Iliotibial band friction syndrome is a common injury for runners. It is a stress injury of the broad tendon plate on the outside of the upper leg.
The injury is the result of repeated rubbing of this tendon plate against the protruding part of the femur.
Risk factors include O-shaped legs, overpronation, worn shoes, running on the outer edge of the road or stress. This occurs because, in these situations, the tendon plate is put under extra pressure and there is additional rubbing. Insufficient power in the hip and buttock muscles can also exacerbate the problem.
- Symptoms include pain and swelling on the outside of the knee, usually with some pain in the upper legs too.
- The pain usually occurs after running.
As a general rule, you need periodic rest, i.e. reduced intensity, but not absolute rest. Stretching the muscles in the upper legs can reduce the tension in the muscles. Wearing good, sturdy footwear is also important for alleviating symptoms and ensuring the injury does not return.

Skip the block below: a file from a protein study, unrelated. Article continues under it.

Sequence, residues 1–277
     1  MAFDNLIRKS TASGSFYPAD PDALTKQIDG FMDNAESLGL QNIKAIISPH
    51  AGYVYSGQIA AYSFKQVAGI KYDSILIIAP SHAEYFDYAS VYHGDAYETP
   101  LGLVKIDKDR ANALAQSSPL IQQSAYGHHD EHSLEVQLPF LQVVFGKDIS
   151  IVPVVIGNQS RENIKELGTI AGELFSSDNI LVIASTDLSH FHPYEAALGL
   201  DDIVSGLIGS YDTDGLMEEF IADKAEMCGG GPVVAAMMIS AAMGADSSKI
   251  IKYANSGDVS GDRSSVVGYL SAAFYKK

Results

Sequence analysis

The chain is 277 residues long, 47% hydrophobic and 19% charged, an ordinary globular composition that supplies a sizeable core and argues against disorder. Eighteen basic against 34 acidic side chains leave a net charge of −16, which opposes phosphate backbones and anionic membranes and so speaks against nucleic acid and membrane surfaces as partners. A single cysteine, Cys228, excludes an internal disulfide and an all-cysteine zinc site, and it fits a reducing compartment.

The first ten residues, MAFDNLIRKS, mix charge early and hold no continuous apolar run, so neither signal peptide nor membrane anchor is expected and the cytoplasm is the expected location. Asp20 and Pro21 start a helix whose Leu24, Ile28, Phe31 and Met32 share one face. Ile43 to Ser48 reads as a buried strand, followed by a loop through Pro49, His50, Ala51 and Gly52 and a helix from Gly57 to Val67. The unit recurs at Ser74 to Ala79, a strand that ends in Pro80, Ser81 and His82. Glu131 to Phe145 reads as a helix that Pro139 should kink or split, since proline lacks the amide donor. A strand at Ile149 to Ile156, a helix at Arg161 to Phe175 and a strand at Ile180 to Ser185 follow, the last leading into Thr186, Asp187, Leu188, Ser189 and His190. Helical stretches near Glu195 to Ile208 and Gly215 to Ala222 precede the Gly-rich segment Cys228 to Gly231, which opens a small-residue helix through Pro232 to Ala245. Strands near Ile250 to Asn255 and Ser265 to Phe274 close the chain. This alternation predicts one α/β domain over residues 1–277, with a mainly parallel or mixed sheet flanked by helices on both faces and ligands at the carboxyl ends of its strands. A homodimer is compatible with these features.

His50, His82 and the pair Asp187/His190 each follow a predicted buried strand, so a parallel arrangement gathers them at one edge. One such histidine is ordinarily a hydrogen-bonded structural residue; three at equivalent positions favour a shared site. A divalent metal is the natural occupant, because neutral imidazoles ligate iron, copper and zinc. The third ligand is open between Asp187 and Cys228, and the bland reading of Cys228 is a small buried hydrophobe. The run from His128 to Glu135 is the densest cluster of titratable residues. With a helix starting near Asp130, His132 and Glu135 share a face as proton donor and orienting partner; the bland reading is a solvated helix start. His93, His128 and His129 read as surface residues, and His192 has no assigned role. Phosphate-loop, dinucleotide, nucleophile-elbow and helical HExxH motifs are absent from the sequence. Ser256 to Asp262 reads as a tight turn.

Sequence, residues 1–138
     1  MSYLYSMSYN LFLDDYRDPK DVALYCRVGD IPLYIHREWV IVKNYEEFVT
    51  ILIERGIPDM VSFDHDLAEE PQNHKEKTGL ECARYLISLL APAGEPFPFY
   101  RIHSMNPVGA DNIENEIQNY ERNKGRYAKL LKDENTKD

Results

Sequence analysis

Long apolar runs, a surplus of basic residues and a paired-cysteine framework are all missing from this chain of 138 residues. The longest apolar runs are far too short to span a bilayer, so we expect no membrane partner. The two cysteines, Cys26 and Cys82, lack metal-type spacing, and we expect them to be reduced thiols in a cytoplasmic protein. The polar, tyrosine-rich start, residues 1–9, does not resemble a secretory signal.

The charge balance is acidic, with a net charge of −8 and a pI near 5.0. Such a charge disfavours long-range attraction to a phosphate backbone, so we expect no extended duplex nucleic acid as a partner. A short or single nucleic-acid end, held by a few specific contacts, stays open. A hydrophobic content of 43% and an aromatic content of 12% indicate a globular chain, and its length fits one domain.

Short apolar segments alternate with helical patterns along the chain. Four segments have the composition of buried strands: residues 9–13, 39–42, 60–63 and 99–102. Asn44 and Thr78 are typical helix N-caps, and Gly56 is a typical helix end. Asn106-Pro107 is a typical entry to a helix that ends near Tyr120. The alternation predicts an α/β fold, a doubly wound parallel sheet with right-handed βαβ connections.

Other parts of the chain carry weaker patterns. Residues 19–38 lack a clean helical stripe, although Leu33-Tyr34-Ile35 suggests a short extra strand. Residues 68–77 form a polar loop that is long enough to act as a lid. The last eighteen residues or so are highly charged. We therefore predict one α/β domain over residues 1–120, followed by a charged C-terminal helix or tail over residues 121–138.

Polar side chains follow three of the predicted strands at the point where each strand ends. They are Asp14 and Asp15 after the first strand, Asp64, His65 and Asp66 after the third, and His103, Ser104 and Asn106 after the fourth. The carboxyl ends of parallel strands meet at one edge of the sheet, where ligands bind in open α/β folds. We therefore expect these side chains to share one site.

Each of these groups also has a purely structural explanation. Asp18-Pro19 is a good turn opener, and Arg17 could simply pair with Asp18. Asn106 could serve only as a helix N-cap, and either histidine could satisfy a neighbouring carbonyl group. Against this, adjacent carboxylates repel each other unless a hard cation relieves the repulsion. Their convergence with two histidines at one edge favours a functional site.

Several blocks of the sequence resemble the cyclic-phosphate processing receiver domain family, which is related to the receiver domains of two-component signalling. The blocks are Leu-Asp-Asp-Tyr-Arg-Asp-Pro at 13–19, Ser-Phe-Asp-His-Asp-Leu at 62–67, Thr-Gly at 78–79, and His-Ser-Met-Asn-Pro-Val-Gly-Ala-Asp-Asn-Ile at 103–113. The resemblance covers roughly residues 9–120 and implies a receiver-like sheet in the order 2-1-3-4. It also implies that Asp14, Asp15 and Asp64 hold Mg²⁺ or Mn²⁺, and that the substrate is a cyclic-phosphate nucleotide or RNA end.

- Make sure you warm up and cool down efficiently. Do the appropriate stretching exercises.
- Make sure you build up training gradually so that your body can slowly adapt to the extra stresses.
- Make sure you wear suitable shoes with good shock absorption.
- If you have any disorders of the feet and legs (X-shaped or O-shaped legs, flat/hollow/curved feet), use suitable soles in your shoes, e.g. recommended after a foot or gait analysis or from a special running shop.
- When running on a road with a camber, the legs are stressed unevenly. The friction syndrome occurs more frequently on the leg on the sloping side. So change direction regularly.